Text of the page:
• Extra savings brought the average monthly premium down to just $84 per month due to expansion of eligibility for financial help from the American Rescue Plan.
  • Lower-income Oregonians who are just barely ineligible for the Oregon Health Plan may get coverage for as low as $1 per month with no-cost preventive health care included and significantly reduced out-of-pocket costs on Silver plans.

Wading through health coverage options can be difficult. Health coverage experts throughout the state are available to help with applying for financial assistance and choosing private plans. Oregonians can find a local expert to help enroll in health coverage at OregonHealthCare.gov/GetHelp

Not sure if you qualify for Oregon Health Plan benefits or coverage through the Marketplace? Curious about the plans and savings available to you? Visit OregonHealthCare.gov/WindowShop to get a quick snapshot of your eligibility.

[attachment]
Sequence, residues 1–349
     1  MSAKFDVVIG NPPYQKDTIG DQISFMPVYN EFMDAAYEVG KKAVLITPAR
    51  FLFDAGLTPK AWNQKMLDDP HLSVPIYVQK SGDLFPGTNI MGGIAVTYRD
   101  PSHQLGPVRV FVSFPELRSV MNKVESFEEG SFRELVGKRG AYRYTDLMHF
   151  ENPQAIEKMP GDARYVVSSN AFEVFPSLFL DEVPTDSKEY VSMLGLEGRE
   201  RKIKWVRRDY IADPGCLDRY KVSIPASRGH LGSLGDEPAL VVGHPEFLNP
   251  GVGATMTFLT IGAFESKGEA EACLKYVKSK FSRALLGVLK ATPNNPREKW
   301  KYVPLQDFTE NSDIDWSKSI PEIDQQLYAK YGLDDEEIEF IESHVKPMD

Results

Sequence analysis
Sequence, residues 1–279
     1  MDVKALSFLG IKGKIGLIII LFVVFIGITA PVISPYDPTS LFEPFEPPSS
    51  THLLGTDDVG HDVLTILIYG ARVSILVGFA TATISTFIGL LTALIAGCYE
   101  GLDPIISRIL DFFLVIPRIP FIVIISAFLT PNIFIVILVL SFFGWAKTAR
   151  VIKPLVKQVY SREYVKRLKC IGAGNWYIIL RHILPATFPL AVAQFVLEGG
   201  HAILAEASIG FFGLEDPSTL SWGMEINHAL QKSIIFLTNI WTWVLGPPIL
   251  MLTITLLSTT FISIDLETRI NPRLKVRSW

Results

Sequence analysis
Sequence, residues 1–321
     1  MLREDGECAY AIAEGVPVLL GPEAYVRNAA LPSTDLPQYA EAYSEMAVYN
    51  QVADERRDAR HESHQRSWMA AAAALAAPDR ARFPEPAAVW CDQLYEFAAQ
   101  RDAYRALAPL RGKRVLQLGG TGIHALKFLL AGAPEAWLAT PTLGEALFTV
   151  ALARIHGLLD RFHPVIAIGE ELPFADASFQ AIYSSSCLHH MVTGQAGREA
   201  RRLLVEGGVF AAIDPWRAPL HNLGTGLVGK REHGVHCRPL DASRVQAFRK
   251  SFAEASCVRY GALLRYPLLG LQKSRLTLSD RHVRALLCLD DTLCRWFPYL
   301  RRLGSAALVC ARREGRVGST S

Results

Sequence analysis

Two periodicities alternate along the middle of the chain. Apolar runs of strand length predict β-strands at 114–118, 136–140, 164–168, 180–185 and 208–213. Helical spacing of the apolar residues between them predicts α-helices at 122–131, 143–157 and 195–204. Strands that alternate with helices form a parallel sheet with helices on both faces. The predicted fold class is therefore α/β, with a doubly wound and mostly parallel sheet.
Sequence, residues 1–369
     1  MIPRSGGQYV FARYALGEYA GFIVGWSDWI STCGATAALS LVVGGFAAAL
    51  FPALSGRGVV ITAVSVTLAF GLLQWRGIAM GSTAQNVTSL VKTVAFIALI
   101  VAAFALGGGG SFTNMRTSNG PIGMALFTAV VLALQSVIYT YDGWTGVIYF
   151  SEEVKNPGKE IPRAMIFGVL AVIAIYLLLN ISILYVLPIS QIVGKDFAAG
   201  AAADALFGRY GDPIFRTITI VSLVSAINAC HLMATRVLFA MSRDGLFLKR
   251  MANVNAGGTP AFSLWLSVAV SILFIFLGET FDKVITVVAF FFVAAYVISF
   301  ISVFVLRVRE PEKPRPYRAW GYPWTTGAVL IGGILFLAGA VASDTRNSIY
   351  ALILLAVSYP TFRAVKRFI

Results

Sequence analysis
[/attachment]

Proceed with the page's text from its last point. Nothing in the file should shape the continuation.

Though this year’s open enrollment deadline is Jan. 15, 2022, people who want their health coverage to start Jan. 1, 2022, must sign up by Dec. 15, 2021. Even if people are temporarily uninsured, they can sign up for help by the Jan. 15 deadline to get health insurance for next year.

To apply, go to OregonHealthCare.gov before Jan. 15, 2022, and answer a few questions to get to the right application or search the directory of health coverage experts by selecting “Get Help” on the site. Health coverage experts are licensed insurance agents and community partners who provide local, one-on-one assistance at no charge to the client. This help is available virtually and over the phone, and in person following COVID-19 safety protocols.